LYNN — The School Committee and Lynn Teachers Union have reached a tentative agreement on health insurance, but negotiations regarding potential wage increases will continue.
The School Committee voted on Thursday night to allow Mayor Thomas M. McGee to sign a “memorandum of understanding” with the Lynn Teachers Union which says the two parties will continue to negotiate other non health-related matters, including potential raises, if the health insurance memorandum is ratified by the union.
Details regarding the agreed-upon health insurance plan have not been made public, but the coverage would be from July 1, 2019 to June 30, 2022. Negotiations and the vote to enter into the tentative agreement occurred during an executive session following a regular School Committee meeting.
McGee told the City Council on Tuesday night that a tentative agreement has been reached with about a dozen of the city’s unions for cost savings through health insurance changes, but declined to say whether there would be raises for employees.
The mayor has said the agreement is for contracts through the current fiscal year 2019 and on health insurance for the next three fiscal years, subject to ratification by the unions.
“This tentative agreement comes after months of good faith negotiations and recognition by all, that health insurance costs needed to be addressed in order for the city to move forward,” McGee said on Tuesday night. “It preserves the much-needed benefits for our employees, while realizing budget savings.”
Negotiations were held on Thursday night despite an announcement from School Department attorney John Mihos that four committee members had conflicts of interest that would have normally disqualified them from taking part and voting on an agreement with the teachers union.
Mihos read a legal opinion from City Solicitor George Markopoulos that found the disqualifying conflicts of interest involved “financial interests of immediate family.”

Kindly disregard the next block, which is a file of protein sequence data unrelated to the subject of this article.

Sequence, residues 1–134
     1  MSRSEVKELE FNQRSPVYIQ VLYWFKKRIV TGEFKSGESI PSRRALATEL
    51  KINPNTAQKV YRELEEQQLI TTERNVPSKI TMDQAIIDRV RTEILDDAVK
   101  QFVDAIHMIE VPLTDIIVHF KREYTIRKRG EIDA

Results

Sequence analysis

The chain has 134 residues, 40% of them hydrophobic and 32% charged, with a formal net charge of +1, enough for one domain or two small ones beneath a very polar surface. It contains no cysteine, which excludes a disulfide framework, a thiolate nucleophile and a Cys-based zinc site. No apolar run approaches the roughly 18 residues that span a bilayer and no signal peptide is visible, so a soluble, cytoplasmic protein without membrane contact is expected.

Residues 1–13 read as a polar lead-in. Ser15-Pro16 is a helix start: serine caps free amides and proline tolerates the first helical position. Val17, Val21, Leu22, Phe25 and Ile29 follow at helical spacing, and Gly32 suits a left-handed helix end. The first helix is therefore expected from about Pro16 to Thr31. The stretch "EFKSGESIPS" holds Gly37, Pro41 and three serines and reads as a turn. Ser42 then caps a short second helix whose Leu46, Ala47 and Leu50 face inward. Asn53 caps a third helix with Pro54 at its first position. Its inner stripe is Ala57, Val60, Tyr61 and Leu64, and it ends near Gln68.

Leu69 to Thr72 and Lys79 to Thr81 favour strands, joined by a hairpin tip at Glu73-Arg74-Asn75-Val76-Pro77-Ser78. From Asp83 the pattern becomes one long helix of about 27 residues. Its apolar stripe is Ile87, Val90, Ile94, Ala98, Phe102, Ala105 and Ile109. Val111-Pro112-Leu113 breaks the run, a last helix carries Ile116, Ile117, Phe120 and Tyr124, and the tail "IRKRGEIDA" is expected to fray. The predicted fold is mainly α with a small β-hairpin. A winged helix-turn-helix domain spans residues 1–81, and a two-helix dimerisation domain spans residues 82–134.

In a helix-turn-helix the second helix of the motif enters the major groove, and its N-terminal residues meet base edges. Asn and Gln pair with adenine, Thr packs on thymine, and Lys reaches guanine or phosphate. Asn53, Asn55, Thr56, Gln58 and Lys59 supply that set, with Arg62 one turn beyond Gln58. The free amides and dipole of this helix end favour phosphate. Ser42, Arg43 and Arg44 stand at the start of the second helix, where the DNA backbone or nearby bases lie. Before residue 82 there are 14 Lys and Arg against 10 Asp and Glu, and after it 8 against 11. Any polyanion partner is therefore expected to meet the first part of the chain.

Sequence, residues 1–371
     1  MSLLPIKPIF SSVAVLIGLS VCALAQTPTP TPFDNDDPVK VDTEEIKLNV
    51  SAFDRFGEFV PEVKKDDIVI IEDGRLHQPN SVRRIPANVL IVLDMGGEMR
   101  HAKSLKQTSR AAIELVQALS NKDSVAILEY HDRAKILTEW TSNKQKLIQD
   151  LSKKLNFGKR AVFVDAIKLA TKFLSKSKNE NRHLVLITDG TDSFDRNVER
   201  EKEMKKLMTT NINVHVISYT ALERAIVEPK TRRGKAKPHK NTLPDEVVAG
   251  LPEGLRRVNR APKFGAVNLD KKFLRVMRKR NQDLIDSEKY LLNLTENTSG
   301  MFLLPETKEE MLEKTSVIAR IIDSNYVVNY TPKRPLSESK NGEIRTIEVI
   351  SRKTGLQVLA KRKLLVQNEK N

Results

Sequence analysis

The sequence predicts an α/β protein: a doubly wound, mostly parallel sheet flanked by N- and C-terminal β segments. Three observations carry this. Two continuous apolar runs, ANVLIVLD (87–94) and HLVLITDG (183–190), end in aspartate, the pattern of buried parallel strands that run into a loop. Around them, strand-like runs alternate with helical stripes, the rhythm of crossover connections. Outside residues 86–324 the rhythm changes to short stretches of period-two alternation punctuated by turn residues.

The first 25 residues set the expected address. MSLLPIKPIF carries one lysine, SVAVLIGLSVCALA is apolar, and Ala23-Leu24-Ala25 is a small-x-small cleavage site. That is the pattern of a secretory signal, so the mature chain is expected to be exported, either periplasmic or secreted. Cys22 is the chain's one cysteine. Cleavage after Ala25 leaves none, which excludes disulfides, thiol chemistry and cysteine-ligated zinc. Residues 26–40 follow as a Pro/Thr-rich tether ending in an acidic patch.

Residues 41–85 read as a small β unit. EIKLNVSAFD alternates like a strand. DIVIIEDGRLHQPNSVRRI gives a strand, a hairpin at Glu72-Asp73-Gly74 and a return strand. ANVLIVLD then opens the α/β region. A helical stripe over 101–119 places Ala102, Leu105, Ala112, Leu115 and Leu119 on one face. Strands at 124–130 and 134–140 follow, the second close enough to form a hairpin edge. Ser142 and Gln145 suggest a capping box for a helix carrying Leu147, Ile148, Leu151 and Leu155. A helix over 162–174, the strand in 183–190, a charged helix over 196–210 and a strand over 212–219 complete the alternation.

But if all four committee members were barred from taking part in contract negotiations with the union, there would not be a quorum, or a minimum amount of members required in order for the proceedings to take place.
Markopoulos said no other city board would legally be allowed to enter into a collective bargaining agreement with the teachers union. Therefore, the city solicitor advised McGee that he could invoke a “rule of necessity,” which would allow those committee members to enter into negotiations despite their conflicts.
“The rule of necessity can only be used in very limited circumstances where an elected board is legally required to take certain action(s) which cannot be undertaken by any other board or authority and it lacks enough members to take valid official action solely due to board members being disqualified by conflicts of interest from participating in the matter,” Markopoulos wrote.
“The rule of necessity may only be used as a last resort in order to carry out the legally required actions that otherwise would be prohibited by the conflict of interest law.”
McGee, chairman of the School Committee, opted to invoke the rule of necessity, which required all four members to disclose their conflicts of interest.
Committee vice chair Donna Coppola said she has a daughter employed by the Lynn Public Schools, who is a member of the teachers union. Committee member John Ford has two daughters who are members of the teachers union.
Committee member Michael Satterwhite said his wife is a nurse in the district and he’s on the school health insurance plan. Committee member Lorraine Gately said she is a retired teacher, a Lynn Teachers Union delegate to the North Shore Labor Council, and is on the district’s retired teachers’ health insurance plan.